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Working on the Hill
The Hill is populated with hard working staffers from everywhere in America. Most are in their 20s but you will find people of all ages and experiences in Congressional and Senate offices. While there are many ways to land a job on the Hill, most staffers got their start working for free--either as interns or campaign volunteers. It is public service after all.

Like any organization, the Hill has different departments. The staff in individual offices work directly for a Senator or Representative and focus on the priorities of their boss and their constituents. The staff on Committees focus on key legislative topics such as defense, energy or education. The staff in leadership offices help coordinate the strategy and actions of the party as a whole.

Within each office, staff work in four areas--administration (secretaries, schedulers, letter writers and receptionists), legislation (legislative assistants and legislative directors), constituent services (staff who help constituents with all manner of issues; in committee or leadership offices, the "constituents" are members of Congress), and communications (communications directors, press secretaries, new media coordinators). Staff report to a Chief of Staff (usually based in Washington). However, every office has its own way of organizing staff.

What are employers looking for in staff?

Top characteristics include loyalty, a team player, writing ability and political experience.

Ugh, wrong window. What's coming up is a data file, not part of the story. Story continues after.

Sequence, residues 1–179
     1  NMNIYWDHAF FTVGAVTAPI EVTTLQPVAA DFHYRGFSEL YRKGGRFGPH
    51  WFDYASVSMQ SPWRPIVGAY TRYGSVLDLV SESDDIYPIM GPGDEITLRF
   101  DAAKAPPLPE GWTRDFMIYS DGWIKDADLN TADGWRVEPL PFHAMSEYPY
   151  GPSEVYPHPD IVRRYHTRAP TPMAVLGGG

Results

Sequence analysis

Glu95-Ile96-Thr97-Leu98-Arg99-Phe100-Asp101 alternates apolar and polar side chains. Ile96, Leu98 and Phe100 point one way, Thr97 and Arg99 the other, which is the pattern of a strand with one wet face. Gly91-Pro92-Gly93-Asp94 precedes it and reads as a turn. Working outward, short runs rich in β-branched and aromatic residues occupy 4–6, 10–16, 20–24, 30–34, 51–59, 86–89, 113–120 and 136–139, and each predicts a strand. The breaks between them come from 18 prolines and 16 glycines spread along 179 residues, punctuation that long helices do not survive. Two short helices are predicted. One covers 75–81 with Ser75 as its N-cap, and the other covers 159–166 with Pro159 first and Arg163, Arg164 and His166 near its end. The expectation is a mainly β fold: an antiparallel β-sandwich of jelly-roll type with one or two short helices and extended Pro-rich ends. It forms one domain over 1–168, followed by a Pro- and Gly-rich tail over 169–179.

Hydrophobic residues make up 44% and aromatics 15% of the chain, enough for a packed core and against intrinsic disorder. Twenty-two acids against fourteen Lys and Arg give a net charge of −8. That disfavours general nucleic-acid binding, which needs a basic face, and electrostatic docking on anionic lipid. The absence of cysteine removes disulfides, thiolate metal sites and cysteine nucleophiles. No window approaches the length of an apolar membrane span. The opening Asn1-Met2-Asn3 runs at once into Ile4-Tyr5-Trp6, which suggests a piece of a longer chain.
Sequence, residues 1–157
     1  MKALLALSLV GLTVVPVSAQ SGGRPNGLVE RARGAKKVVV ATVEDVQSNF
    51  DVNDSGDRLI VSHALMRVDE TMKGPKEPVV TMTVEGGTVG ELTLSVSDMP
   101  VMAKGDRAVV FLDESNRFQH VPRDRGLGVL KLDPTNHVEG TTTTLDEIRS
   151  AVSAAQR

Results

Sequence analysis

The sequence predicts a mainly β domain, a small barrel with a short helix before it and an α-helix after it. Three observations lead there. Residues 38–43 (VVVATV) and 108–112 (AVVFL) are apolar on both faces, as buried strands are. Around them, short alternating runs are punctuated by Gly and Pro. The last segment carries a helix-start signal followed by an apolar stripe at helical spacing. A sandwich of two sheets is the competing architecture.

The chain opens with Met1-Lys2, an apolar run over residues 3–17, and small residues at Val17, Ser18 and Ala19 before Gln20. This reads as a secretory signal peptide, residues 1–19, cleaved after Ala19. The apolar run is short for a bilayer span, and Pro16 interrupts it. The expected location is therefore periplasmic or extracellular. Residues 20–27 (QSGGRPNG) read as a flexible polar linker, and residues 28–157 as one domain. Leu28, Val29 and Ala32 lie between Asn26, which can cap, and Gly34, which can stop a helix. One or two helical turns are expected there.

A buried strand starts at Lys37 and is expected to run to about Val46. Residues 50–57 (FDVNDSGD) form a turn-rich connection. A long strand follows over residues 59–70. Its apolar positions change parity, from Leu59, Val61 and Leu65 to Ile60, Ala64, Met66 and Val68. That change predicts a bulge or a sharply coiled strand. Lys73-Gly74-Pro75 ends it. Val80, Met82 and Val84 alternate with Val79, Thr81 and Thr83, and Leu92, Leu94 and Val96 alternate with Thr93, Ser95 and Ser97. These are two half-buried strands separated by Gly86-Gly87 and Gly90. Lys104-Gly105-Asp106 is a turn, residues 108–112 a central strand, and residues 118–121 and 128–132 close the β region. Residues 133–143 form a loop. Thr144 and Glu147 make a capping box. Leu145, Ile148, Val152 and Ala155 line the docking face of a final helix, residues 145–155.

You can improve your odds of finding a job with three tools: Job Lists, Informational Interviews, and Unpaid Work.
  • Job Lists: There are a number of job posting listservs out there (click here for a list, and don't forget the one on GAIN). Join several and read them every day. Sometimes postings last only a few days.
  • Informational Interviews: Set up informational interviews with as many people on the Hill as you can--ask friends and friends of friends if you can talk with them for 10 minutes about what they do and for advice about getting a job on the Hill. Come prepared with good questions and your resume. You want to make a good impression with everyone you meet. This will help you build your network of people who may refer you to one of those "unlisted" jobs.
  • Unpaid Work: Whether interning in a Congressional office or volunteering on a campaign, unpaid political experience is a prerequisite for nearly any job. Try to find an office or campaign in which you have an interest because many interns are hired down the road, so it's a great way to get your foot in the door.

Interviews with Hill Professionals

"How to Get a Job on the Hill" is a great advice column courtesy of the Democratic Job Placement Initiative.
Matt Thorton, Communications Director for Sheldon Whitehouse (RI) shares his career story and advice for working in politics.
C.R. Wooters, Director of Member Services in the Office of the Assistant to the Speaker offers his advice on working in politics and on the Hill.



 

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